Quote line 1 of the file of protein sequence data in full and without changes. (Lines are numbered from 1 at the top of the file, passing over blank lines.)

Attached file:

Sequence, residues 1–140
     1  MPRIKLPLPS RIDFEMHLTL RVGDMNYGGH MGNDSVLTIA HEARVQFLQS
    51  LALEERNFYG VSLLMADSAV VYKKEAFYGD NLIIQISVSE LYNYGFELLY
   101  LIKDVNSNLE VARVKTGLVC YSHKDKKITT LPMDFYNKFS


Sequence, residues 1–140